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Bass On Top

by Philip Monahan

Have a question you want answered? Email it to us at ask@midcurrent.com.

Bass Popperphoto by elfrito

Question: I’m just getting started fly-fishing for bass, but I’m not having very good luck with poppers on the surface. Any advice?

Sean C. Orlando, FL

Answer: Catching bass on surface flies is a lot of fun, but it’s not as easy as you might think. Bass aren’t like northern pike, almost always willing to chase down a big meal. In fact, bass can be quite picky and will often ignore big, noisy topwater flies. Here are a few steps you can take to improve your odds.

  1. Fly choice: Traditional hair bugs and balsa poppers look cool, are fun to fish, and make a lot of commotion on the water. Sometimes, however, all that noise and splashing is too much, especially when the surface of the water is dead calm. In these situations, I much prefer  a smaller slider, such as a Sneaky Pete or small Dahlberg Diver, which slips under the water when you strip it. And when I do choose a popper, I usually go counter to the “big fly, big fish” rule and choose smaller patterns. The largest bass I ever caught on a fly was on a Gaines Bass Duster that’s about an inch and a half long. Don’t forget pencil poppers, either. These offer a much less bombastic action, and work great for fishing holes in weedbeds—just cast the fly into the open water and twitch it a few times.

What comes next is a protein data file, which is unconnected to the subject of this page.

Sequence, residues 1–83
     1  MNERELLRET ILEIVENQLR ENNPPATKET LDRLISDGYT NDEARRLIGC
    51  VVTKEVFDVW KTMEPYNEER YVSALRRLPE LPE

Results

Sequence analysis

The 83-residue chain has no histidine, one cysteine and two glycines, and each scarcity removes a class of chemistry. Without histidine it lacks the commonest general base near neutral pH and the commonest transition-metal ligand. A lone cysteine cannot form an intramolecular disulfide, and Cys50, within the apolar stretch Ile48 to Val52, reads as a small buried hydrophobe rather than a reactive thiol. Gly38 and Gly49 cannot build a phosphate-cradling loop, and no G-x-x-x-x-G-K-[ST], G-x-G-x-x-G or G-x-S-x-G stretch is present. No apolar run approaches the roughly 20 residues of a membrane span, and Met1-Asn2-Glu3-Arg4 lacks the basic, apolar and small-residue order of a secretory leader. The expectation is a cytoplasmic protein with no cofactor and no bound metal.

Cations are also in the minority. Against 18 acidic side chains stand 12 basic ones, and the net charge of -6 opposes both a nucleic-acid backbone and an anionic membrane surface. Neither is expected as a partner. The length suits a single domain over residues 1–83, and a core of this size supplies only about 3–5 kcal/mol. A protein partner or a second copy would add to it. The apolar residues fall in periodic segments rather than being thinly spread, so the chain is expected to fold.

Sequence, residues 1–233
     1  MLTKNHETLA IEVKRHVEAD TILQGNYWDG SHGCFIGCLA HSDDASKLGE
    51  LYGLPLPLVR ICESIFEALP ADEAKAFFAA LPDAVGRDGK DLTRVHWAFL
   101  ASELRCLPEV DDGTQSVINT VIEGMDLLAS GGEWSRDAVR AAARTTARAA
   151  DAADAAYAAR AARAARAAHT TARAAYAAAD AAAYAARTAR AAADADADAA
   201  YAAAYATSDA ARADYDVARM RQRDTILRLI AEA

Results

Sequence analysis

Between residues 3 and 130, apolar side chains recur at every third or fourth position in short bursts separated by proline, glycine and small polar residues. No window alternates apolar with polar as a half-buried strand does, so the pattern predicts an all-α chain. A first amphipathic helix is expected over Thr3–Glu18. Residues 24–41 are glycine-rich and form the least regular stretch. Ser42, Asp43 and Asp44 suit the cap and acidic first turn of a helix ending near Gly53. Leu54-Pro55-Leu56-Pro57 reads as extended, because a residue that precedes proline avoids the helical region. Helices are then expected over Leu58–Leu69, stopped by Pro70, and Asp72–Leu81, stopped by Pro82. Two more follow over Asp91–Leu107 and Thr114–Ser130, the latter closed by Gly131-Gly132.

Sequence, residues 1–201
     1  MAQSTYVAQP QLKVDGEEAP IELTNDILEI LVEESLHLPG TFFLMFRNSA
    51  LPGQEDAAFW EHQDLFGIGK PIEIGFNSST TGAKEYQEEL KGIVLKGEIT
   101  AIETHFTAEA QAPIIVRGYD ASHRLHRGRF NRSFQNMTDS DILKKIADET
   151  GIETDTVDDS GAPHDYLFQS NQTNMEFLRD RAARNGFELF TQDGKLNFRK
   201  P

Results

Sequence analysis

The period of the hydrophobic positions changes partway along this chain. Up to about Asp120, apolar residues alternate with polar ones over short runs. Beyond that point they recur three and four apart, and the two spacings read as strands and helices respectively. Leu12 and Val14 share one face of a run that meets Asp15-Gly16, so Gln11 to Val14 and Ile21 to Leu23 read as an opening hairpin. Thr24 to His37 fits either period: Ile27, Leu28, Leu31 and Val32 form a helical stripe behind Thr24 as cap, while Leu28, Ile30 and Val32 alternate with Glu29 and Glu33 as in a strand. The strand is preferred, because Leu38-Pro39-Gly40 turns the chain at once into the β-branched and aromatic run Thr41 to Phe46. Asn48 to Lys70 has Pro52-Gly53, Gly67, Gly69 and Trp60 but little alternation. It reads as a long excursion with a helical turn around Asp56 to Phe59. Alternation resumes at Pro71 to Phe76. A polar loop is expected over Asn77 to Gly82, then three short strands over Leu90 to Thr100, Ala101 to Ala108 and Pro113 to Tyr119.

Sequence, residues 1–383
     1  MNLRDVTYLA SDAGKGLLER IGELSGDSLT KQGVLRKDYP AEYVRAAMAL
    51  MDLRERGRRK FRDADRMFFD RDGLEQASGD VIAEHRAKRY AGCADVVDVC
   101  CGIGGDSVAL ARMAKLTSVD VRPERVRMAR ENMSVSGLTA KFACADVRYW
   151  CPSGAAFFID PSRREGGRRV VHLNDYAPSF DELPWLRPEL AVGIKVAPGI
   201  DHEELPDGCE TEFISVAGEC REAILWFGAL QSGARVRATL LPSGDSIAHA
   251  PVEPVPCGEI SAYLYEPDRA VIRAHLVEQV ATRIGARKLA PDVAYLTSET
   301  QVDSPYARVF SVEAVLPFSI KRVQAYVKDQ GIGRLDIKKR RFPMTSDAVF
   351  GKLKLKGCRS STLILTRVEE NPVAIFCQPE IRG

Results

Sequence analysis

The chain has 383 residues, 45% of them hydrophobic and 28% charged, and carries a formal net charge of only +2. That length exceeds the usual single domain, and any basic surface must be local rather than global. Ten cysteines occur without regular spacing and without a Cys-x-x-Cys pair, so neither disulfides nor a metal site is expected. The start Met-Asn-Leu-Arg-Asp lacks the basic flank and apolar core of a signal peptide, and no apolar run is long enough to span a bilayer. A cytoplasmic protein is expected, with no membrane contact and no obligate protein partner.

2. Retrieve: A subtle, erratic retrieve will almost always outperform a chug-chug-chug steady strip. The traditional method of fishing a topwater is to chug it two or three times and then let it sit until the rings disappear. You’ll be amazed by how often a fish will strike the fly as it just sits there doing nothing. If you can see a fish under your motionless fly, try giving it just a twitch to suggest life. That’s sometimes all it takes to trigger a strike.
  3. Going Big: The times when the big, loud poppers perform best are when you’re fishing deep water—such as on the outer edge of a large weedbed—or when the water is choppy. These are the times when you need to get a fish’s attention in a big way.

Experimenting with fly choice and retrieve will surely draw more strikes, and it makes the whole project of bass fishing more interesting and engaging.

MidCurrent Fly Fishing
 
Phil Monahan is a former Alaskan guide and was the long-time editor of American Angler magazine. He's now a columnist for MidCurrent and writes and edits the fly-fishing blog at OrvisNews.com. You can email your fly fishing questions to us at ask@midcurrent.com.
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